2 results for "oil spill"
Another horrible accident that I’m sure will have lasting consequences.
BEIJING – China’s largest reported oil spill emptied beaches along the Yellow Sea as its size doubled Wednesday, while cleanup efforts included straw mats and frazzled workers with little more than rubber gloves. An official warned the spill posed a “severe threat” to sea life and water quality as China’s latest environmental crisis spread off the shores of Dalian, once named China’s most livable city.
One cleanup worker has drowned, his body coated in crude. “I’ve been to a few bays today and discovered they were almost entirely covered with dark oil,” said Zhong Yu with environmental group Greenpeace China, who spent the day on a boat inspecting the spill. “The oil is half-solid and half liquid and is as sticky as asphalt,” she told The Associated Press by telephone. The oil had spread over 165 square miles (430 square kilometers) of water five days since a pipeline at the busy northeastern port exploded, hurting oil shipments from part of China’s strategic oil reserves to the rest of the country. Shipments remained reduced Wednesday. State media has said no more oil is leaking into the sea, but the total amount of oil spilled is not yet clear. Greenpeace China released photos Wednesday of inky beaches and of straw mats about 2 square meters (21 square feet) in size scattered on the sea, meant to absorb the oil. Fishing in the waters around Dalian has been banned through the end of August, the state-run Xinhua News Agency reported.
“The oil spill will pose a severe threat to marine animals, and water quality, and the sea birds,” Huang Yong, deputy bureau chief for the city’s Maritime Safety Administration, told Dragon TV. At least one person died during cleanup efforts. A 25-year-old firefighter, Zhang Liang, drowned Tuesday when a wave threw him from a vessel, Xinhua reported. Officials, oil company workers and volunteers were turning out by the hundreds to clean blackened beaches. “We don’t have proper oil cleanup materials, so our workers are wearing rubber gloves and using chopsticks,” an official with the Jinshitan Golden Beach Administration Committee told the Beijing Youth Daily newspaper, in apparent exasperation. “This kind of inefficiency means the oil will keep coming to shore. … This stretch of oil is really difficult to clean up in the short term.” But 40 oil-skimming boats and about 800 fishing boats were also deployed to clean up the spill, and Xinhua said more than 15 kilometers (9 miles) of oil barriers had been set up to keep the slick from spreading. China Central Television earlier reported an estimate of 1,500 tons of oil has spilled. That would amount roughly to 400,000 gallons (1,500,000 liters) — as compared with 94 million to 184 million gallons in the BP oil spill off the U.S. coast. China’s State Oceanic Administration released the latest size of the contaminated area in a statement Tuesday. The cause of the explosion that started the spill was still not clear.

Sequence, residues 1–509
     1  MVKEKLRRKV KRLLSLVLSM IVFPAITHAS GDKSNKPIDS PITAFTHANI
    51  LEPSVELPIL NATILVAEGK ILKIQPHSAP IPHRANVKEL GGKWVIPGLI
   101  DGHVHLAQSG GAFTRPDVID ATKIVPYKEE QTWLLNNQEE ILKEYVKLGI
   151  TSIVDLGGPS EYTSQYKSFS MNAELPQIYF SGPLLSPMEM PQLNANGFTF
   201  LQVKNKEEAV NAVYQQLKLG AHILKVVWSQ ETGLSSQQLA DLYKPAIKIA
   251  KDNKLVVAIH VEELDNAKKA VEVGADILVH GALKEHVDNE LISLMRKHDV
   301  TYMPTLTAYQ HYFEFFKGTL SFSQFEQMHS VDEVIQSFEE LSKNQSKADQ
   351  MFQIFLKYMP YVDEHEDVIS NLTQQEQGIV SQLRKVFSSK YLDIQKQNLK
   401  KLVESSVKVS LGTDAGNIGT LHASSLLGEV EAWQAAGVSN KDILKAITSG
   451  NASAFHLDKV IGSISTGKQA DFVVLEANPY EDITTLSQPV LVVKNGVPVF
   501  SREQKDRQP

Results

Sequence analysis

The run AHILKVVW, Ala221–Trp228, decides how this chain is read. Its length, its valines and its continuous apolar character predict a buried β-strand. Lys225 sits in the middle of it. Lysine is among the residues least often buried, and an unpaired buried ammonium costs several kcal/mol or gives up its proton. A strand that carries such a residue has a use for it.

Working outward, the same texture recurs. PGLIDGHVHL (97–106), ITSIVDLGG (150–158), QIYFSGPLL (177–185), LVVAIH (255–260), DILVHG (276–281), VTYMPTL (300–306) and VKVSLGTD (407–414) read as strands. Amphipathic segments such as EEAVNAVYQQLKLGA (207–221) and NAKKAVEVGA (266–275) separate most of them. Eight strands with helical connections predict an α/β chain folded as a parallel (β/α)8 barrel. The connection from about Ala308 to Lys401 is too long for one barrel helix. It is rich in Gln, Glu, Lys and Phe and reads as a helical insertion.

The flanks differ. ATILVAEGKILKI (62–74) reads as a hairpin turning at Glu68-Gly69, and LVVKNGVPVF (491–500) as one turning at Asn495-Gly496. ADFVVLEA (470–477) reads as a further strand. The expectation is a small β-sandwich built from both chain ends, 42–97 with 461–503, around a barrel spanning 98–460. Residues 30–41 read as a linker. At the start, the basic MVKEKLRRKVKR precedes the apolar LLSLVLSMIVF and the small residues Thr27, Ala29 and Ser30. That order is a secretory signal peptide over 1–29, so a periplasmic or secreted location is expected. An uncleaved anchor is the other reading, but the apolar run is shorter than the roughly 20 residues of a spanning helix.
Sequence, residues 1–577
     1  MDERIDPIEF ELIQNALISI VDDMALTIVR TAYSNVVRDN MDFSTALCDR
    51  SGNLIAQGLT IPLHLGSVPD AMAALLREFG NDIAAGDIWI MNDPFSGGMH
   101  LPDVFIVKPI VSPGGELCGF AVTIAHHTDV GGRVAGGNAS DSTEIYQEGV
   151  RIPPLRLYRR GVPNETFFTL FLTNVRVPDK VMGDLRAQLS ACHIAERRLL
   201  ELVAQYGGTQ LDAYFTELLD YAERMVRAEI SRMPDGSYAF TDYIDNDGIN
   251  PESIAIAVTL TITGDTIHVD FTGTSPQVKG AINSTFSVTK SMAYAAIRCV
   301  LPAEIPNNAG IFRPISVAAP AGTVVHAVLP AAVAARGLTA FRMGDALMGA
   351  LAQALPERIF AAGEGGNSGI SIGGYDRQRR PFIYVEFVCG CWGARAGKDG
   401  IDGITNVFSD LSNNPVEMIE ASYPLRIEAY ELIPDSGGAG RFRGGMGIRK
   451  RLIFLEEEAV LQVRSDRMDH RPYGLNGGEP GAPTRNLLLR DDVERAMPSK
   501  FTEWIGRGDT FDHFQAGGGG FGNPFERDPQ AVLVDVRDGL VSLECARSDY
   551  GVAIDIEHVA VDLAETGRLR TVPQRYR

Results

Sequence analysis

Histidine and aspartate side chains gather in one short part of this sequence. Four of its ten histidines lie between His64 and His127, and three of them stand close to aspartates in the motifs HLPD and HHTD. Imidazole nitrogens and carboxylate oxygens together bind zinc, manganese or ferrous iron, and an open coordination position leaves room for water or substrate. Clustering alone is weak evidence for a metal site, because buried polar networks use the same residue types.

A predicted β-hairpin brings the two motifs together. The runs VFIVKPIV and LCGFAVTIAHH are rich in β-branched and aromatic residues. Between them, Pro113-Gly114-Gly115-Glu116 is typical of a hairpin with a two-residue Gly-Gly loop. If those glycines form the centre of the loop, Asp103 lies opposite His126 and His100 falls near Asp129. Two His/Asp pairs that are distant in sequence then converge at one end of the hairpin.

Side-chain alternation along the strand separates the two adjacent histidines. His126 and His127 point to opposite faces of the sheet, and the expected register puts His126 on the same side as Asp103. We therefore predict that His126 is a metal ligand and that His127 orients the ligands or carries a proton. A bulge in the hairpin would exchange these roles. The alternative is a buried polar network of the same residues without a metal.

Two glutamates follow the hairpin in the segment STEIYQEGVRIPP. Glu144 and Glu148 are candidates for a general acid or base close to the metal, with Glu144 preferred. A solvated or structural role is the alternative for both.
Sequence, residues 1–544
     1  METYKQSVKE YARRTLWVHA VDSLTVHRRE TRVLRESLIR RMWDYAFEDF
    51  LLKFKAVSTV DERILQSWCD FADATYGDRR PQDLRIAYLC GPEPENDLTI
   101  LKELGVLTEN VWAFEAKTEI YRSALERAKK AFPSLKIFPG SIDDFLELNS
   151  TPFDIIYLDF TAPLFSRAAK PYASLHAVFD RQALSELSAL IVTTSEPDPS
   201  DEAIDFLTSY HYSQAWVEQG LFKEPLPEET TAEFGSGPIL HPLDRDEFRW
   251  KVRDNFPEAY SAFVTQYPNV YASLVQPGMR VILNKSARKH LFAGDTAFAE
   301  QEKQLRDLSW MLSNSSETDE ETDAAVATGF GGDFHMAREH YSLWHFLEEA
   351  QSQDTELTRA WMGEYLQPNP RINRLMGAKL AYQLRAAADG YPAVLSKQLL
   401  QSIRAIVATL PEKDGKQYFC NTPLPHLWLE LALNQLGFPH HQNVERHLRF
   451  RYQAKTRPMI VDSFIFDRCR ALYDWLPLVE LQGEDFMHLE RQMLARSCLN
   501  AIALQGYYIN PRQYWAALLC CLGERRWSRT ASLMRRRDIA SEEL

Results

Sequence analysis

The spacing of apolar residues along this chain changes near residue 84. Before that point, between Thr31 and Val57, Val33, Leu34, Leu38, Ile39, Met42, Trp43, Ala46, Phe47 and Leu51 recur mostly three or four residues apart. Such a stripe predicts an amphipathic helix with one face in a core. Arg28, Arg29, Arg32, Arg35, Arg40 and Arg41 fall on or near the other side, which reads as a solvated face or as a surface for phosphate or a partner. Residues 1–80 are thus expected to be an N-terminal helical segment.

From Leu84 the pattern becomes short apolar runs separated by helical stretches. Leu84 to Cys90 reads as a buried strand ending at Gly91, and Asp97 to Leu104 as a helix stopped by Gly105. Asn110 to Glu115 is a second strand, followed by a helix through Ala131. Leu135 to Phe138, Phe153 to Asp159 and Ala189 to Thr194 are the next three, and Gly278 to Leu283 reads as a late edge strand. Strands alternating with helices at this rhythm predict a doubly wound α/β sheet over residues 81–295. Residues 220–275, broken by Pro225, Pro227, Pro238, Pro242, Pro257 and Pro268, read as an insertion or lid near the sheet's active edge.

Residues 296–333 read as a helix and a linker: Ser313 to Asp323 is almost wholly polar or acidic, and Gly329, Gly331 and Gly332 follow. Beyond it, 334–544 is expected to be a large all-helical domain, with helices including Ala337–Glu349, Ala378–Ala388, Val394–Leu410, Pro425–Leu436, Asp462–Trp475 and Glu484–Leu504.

- AP Press.read more..
President Barack Obama visited the Gulf Coast again this Friday to chastise BP for paying billions out in dividends and advertising to improve the public image while those affected by the oil spill were having difficulty receiving their claims. He also declared a moratorium on offshore deep oil drilling until a commission had found a way to safely drill this deep. Residents and politicians have criticized this fearing that the moratorium will further hurt the Gulf economy. Currently, BP is trying to slow the release of oil in to the Gulf. Michael Cooper of the NY Times writes:
Adm. Thad W. Allen of the Coast Guard, who is commanding the federal response to the disaster, said earlier in the day that some oil had been collected in a cap that was placed over the leaking well and that it was beginning to be funneled up to a ship on the surface. But he noted that a great deal of oil was still escaping, by design, through vents in the cap. The vents were intended to let some oil out in order to keep cold Gulf water from rushing in and forming icy hydrates that could block the flow of captured oil to the surface.
Until those vents are closed, it will not be clear whether the cap is seated tightly enough on the cut end of the well’s riser pipe to prevent large amounts of oil from continuing to pour into the Gulf of Mexico, Admiral Allen said. He said that current plans call for closing those vents on Friday.
He said that a rough estimate of the rate at which leaking oil was being captured by the cap was 1,000 barrels a day, a small fraction of the estimated 12,000 to 19,000 barrels of oil a day that is gushing into the Gulf. But he said that as the vents on the cap are progressively closed, more oil should be captured, as long as the seal continues to hold.read more..